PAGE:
• FIG. 12 illustrates a computer system 10 including a rack, enclosure, or cabinet 124. The cabinet 124 may include a bulk power unit 126 to power the operation of the cell boards 23. The bulk power unit 126 may connect to the cell boards 23 through the porous main board 16, or it may connect directly to the cell boards 23. A matrix of intake fans 128A may blow air into the front of the cabinet 124, and a matrix of exhaust fans 128B may blow air out of the cabinet 124. Together, fans 128A and 128B may circulate air over the cell boards 23, cooling their components. Advantageously, the fans 128A and 128B may blow air directly through the porous main board 16, permitting front-to-back airflow with or without a plenum or venting along the sides. With front-to-back airflow, a series of closely placed cabinets 124 may operate at lower temperatures. For instance, a series of cabinets 124 may be placed in a row without the exhaust fans 128B of one cabinet being directed toward the intake fans 128A of another cabinet. Additionally, in some embodiments, the intake fans 128A continue to circulate air when the rear fans 128B are disabled during a service operation (and vice versa), thereby facilitating increased system up-time. The cabinet 124 may house a variety of arrangements of cell board arrays 12, such as the embodiment of FIG. 2, an embodiment with the switch board of FIG. 9 coupled to the embodiment of FIG. 2, or the embodiment of FIG. 10, for example.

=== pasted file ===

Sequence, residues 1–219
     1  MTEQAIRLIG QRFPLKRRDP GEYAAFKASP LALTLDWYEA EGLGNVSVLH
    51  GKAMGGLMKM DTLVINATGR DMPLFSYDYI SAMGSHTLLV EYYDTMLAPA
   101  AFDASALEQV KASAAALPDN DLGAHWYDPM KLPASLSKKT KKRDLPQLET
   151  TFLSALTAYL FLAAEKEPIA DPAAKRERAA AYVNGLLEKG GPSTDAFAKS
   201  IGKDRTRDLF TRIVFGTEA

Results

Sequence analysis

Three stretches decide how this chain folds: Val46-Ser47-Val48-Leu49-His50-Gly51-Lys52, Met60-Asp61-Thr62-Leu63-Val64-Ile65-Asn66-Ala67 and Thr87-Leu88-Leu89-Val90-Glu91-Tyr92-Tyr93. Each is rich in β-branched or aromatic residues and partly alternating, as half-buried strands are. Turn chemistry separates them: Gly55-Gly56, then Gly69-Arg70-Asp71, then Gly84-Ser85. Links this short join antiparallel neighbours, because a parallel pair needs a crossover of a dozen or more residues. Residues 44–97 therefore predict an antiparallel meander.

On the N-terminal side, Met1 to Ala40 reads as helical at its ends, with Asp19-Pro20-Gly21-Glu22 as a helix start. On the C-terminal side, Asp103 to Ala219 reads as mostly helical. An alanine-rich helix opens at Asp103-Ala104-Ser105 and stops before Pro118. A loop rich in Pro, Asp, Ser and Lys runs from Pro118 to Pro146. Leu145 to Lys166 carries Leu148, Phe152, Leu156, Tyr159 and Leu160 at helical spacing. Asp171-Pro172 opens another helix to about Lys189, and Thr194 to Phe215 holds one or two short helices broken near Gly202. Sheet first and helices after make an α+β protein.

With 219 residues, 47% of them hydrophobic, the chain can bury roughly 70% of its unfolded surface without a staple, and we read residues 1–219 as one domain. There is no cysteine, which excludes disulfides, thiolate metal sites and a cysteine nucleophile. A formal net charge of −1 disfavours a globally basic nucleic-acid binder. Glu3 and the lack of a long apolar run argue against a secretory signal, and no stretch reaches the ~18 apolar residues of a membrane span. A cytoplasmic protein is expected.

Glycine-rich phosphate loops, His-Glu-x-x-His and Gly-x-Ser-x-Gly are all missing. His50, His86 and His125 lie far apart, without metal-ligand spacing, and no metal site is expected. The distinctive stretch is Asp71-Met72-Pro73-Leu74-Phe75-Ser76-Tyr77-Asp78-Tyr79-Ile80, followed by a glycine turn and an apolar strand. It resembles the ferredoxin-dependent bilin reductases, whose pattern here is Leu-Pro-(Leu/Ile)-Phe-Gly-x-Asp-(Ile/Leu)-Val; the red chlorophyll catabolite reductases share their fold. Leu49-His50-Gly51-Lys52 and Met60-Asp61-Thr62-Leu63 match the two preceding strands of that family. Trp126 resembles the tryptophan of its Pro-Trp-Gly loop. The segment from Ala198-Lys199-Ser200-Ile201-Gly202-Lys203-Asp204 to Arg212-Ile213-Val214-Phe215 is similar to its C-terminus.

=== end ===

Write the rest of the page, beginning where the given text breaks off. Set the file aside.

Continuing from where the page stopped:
• Other embodiments in accordance with the present technique may form a porous structure that may or may not include a porous mid-plane 16. For example, other embodiments may include an array of horizontal mid-planes 38 spaced apart by switch boards 18. That is, the switch boards 18 may be orthogonally oriented edge-to-edge with the horizontal mid-planes 28 to form a porous structure. Some of these embodiments may omit the center, right, and/or left vertical mid-planes 46, 56, and/or 66, which is not to suggest that any other features may not also be omitted.